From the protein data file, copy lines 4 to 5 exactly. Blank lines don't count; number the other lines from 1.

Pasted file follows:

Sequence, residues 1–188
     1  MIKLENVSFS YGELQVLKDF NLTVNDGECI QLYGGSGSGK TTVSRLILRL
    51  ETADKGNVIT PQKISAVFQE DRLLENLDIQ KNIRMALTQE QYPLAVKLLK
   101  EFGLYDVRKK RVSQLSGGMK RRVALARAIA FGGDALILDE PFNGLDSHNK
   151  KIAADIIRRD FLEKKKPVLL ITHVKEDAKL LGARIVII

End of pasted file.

   101  EFGLYDVRKK RVSQLSGGMK RRVALARAIA FGGDALILDE PFNGLDSHNK
   151  KIAADIIRRD FLEKKKPVLL ITHVKEDAKL LGARIVII